By finger-clicking on a mouse or a keyboard, soon we switch to different cyber space. The concept of digital space in which we can transcend beyond what we have experienced in the material spatial geography also subverts what we used to comprehend space. That is, it (digital space) is free to move and highly changeable.
Many scholars have employed ideas that are similar to Gilles Deleuze’s concept of “rhizome” to explain internet lateral mobility and network structures. The digital space is neither “Firstspace”, the real material world, nor the “Secondspace”, which is constructed by “imagined” ideas. Instead, according to Edward W. Soja, it has the characteristic of “Thirdspace”—a place that combines both “real-and-imagined” qualities. It is “an-Other way of understanding and acting to change the spatiality of human life, a distinct mode of critical spatial awareness.” (Soja, 10)
By appropriating images which are retrieved from urban architectural elements or street snapshots in the real city, artists then deconstruct those images to “re-present space” in the digital world. They not only create both real-and-imagined urban space, but also subvert and satirize what they have perceived in the real world through approaches such as various metamorphoses, transformation, symbolization, and displacement. Artists recreate hybrid-and-heterogeneous virtual cities that are not only paralleled to and similar to real cities but drastically different to real ones as well. Thus, these virtual cities are the re-presentation of heterogeneous Thirdspace. On one hand, virtual cities in the works reflect how urban culture in real world are challenged and contended under the wave of globalization and therefore produce an urban cultural entity that is tangled with diverse cultural heterogeneity. On the other hand, virtual cities reflect how everyone’s daily life is infiltrated by the internet in the contemporary society. Our living space no longer exists in what we have experienced in the physical material space, but, by means of internet, extends to the infinite cyber space in which we can freely construct and imagine a digital city.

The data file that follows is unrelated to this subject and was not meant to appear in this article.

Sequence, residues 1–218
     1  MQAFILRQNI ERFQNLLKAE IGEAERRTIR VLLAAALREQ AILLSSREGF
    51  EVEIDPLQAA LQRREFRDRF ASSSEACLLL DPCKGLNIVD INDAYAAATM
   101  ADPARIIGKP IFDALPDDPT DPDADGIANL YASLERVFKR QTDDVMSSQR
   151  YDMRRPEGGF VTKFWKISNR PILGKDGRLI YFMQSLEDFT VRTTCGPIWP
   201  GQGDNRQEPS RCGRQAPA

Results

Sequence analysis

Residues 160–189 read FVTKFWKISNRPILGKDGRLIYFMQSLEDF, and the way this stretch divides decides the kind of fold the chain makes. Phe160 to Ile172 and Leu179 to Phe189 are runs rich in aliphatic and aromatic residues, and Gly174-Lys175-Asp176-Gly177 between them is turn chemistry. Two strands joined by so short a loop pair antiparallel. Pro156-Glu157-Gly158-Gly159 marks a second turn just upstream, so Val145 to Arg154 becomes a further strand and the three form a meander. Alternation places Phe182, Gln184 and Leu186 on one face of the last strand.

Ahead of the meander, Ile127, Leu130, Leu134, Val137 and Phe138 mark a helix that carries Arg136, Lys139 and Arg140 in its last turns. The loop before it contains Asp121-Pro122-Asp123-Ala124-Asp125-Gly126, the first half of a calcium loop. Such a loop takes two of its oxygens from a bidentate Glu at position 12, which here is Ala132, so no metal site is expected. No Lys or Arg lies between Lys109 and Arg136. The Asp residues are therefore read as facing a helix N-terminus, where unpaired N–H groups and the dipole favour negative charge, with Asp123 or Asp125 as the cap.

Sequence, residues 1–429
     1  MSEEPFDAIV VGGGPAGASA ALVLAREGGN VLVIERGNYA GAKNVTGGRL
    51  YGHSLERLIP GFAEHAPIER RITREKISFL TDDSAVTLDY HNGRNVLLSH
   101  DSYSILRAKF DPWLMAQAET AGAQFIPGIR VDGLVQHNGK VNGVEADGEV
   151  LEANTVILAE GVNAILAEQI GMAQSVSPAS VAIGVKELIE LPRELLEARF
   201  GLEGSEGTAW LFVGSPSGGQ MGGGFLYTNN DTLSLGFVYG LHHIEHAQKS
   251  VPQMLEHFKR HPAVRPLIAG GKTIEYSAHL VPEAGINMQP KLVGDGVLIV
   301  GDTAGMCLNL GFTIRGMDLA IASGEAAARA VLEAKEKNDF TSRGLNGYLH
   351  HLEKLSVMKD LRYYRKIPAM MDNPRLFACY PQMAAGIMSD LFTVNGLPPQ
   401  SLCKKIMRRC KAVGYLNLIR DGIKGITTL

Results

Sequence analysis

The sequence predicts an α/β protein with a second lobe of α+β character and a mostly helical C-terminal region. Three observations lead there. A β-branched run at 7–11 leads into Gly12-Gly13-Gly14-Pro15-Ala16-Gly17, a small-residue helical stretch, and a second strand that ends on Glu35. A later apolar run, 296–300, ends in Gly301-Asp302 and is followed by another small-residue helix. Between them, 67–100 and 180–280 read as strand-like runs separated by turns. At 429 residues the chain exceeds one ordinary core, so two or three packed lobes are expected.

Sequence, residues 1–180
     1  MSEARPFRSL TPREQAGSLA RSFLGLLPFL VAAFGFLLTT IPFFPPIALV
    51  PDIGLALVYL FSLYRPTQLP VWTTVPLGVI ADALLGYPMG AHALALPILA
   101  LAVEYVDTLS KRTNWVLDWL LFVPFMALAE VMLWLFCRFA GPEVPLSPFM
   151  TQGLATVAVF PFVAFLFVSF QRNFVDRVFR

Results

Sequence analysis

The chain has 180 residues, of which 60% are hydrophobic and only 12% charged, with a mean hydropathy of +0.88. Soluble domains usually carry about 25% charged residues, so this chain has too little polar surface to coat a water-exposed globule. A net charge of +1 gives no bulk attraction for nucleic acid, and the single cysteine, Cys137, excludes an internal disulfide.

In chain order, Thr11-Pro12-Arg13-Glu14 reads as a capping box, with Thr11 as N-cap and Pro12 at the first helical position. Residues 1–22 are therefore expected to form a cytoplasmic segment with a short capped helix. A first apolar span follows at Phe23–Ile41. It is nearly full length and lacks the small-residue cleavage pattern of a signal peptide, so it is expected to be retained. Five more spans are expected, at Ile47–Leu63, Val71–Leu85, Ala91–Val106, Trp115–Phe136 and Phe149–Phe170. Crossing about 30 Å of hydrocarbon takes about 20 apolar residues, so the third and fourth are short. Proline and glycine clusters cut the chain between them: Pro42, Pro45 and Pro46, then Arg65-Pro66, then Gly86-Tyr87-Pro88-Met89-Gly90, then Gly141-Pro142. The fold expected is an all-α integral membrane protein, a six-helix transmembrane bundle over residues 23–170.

Reintegration of Hybridity and Heterogeneity